G7 agrees $15.5B energy deal with Vietnam to cut emissions
BERLIN (AP) — A group of nine rich industrialized nations approved a deal to provide Vietnam with $15.5 billion to help the Southeast Asian nation move faster from coal power to renewable energy, cutting its climate-damaging pollution.
The Group of Seven major economies, along with Norway and Denmark, said in a statement that the aim is to help Vietnam reduce its emissions to “net zero” by 2050, a goal which expert say needs to be met globally to cap global warming at 1.5 degrees Celsius (2.7 degrees Fahrenheit).
The Just Energy Transition Partnership with Vietnam is among a series of agreements that developing and rich nations are negotiating. The first such deal was signed with South Africa last year, and a similar agreement was reached with Indonesia last month.
“Vietnam is a dynamic, emerging economy at the heart of Southeast Asia,” British Prime Minister Rishi Sunak said. “The investment we are making today means the country can cut its emissions while simultaneously creating new jobs and growth.”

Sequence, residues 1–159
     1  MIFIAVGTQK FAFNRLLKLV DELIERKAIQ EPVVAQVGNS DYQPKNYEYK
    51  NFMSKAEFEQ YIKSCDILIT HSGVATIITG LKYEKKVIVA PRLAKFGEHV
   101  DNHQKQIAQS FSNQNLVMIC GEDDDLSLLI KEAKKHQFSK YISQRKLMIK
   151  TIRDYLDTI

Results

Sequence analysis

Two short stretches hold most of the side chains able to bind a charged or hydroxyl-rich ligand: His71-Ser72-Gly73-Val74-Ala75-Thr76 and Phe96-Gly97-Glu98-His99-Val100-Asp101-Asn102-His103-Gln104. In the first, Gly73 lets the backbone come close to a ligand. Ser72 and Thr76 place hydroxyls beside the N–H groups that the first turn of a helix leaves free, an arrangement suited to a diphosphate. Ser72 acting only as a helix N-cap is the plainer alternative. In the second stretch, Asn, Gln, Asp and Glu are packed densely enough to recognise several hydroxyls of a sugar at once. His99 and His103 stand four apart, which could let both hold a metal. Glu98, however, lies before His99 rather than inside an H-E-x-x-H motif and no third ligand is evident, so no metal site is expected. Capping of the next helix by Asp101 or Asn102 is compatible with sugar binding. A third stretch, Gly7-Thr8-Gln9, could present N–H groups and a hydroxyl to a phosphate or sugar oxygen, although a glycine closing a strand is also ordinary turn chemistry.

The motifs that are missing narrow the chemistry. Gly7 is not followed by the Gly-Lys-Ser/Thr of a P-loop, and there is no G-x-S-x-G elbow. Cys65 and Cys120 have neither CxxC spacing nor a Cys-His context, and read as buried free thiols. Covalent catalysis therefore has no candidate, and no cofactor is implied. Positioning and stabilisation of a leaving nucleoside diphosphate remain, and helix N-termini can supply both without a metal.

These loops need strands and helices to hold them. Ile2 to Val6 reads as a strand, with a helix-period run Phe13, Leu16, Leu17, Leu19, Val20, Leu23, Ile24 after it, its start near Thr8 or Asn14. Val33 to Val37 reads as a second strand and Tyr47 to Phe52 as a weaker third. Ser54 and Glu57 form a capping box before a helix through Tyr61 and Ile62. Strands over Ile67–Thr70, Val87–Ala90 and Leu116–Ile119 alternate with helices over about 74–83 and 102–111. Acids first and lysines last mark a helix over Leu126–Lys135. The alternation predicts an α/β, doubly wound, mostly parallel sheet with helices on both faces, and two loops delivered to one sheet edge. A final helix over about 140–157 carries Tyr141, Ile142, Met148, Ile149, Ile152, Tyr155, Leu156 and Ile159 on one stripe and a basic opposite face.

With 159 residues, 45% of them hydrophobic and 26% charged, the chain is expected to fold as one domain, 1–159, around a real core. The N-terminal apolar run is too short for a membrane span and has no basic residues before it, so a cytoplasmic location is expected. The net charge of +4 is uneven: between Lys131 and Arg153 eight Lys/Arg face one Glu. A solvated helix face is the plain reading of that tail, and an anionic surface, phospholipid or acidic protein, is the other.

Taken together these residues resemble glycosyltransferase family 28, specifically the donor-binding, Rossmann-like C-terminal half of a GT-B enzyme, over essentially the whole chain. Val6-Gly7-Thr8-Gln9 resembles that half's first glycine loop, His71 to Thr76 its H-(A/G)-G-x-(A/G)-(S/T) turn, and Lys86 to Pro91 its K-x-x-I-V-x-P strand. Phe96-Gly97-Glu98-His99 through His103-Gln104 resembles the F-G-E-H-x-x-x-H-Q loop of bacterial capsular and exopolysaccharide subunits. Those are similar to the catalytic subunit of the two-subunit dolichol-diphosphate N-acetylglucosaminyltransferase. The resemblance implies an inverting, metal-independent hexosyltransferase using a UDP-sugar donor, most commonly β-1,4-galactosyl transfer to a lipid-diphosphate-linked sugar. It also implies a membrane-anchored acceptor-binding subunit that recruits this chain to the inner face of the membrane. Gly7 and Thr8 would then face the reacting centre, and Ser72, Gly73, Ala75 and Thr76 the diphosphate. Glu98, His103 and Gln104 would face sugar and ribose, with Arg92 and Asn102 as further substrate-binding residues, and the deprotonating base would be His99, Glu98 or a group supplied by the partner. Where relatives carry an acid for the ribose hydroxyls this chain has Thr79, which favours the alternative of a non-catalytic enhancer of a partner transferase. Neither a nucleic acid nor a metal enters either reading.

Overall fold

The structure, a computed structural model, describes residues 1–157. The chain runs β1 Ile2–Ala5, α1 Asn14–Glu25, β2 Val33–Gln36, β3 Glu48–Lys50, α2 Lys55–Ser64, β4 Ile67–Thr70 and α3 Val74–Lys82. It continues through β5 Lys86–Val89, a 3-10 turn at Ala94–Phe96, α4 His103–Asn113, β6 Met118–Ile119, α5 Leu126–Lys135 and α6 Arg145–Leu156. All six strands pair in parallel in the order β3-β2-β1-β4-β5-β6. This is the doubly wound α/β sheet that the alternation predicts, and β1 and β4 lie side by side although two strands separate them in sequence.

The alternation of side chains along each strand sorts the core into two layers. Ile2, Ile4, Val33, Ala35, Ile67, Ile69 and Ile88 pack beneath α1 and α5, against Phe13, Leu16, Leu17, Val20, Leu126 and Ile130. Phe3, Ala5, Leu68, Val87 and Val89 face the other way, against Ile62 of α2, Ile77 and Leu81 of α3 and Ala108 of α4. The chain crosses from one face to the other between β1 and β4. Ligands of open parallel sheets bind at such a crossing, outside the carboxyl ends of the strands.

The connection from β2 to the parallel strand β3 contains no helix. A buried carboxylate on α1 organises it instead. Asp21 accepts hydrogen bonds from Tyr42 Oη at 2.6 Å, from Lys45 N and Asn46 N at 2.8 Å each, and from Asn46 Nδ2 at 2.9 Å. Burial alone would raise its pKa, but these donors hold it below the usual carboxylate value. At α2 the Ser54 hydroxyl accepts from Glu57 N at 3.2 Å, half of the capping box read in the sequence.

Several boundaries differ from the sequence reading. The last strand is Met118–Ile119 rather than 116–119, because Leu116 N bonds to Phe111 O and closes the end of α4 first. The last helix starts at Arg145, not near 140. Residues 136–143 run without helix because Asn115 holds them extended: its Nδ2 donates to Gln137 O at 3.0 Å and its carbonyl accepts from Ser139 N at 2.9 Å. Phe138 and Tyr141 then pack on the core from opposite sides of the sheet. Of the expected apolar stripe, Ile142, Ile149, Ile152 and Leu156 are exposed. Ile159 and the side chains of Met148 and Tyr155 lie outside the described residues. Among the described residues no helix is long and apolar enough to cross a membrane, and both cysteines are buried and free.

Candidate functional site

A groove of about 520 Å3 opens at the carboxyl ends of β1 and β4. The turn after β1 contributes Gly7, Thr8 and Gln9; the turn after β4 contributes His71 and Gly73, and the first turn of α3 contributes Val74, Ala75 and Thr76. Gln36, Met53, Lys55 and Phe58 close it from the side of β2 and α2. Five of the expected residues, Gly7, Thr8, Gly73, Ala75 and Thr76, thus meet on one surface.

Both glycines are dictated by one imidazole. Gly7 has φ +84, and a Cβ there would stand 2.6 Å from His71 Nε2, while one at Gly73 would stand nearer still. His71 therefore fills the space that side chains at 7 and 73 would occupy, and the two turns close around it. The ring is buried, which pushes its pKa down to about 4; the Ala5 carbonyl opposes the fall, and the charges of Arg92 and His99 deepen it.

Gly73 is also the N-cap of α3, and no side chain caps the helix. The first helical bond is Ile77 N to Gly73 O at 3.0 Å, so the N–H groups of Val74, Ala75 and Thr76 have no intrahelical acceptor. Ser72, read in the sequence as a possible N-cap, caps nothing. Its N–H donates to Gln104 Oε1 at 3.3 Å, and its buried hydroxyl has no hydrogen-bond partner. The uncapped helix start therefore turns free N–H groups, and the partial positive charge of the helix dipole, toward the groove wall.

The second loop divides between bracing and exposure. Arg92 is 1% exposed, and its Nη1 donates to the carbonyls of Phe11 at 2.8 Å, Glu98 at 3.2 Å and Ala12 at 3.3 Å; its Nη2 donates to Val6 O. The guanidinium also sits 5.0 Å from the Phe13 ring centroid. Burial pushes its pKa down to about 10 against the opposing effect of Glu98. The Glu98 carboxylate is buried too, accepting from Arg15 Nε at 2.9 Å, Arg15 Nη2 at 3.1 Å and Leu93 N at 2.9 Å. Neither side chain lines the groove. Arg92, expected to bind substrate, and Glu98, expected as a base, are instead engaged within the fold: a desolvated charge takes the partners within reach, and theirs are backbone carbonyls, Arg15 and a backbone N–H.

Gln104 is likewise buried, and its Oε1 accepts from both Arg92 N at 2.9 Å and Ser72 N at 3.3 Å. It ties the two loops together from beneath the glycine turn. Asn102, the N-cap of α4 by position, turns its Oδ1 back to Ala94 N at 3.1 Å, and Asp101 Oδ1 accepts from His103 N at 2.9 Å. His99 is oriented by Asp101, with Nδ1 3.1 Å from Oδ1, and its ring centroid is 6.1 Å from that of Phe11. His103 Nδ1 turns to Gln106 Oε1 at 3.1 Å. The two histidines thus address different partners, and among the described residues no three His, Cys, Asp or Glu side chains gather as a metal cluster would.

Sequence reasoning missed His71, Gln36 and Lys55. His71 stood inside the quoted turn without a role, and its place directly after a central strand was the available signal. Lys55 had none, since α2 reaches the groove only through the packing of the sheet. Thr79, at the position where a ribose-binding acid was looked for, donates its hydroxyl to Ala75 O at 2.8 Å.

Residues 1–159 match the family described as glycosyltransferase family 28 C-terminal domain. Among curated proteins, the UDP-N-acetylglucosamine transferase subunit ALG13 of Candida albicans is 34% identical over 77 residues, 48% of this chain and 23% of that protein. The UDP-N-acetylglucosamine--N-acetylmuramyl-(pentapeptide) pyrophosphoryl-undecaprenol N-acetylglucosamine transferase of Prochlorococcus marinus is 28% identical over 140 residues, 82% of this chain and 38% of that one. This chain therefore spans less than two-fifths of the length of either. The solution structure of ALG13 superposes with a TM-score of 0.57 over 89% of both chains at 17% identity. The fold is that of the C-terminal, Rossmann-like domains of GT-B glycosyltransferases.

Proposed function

The U.K., Canada, France, Germany, Italy, Japan and the United States comprise the G-7.
U.S. climate envoy John Kerry, a veteran of the U.S. war in Vietnam, had made Vietnam a focus of his climate work for the Biden administration. Kerry took repeated trips there to urge Vietnamese leaders to call off pending coal-fired power projects and to team up with wealthier nations on cleaner energy instead.
U.S. President Joe Biden said the deal would help Vietnam “deliver long-term energy security,” create opportunities for the country’s population and advance “the fight against the global climate crisis.”
“Today’s announcement is an important step, but there is still a long way to go,” U.N. spokesman Stephane Dujarric said.
The $15.5 billion of funding will come from public and private sources over the coming three to five years, much of it in the form of loans, according to the agreement.
By using the money to expand its electricity grid and increase renewable energy production, Vietnam will be able to bring forward its target for peaking emissions from 2035 to 2030. The country will also raise its 2030 target for electricity from renewable sources to 47% from a previous forecast of 36%.
The successful delivery of these ambitious targets is expected to result in around 500 megatons (0.5 billion tonnes) of cumulative emissions saved by 2035.
Ellen Knickmeyer in Washington and Edith M. Lederer in New York contributed.
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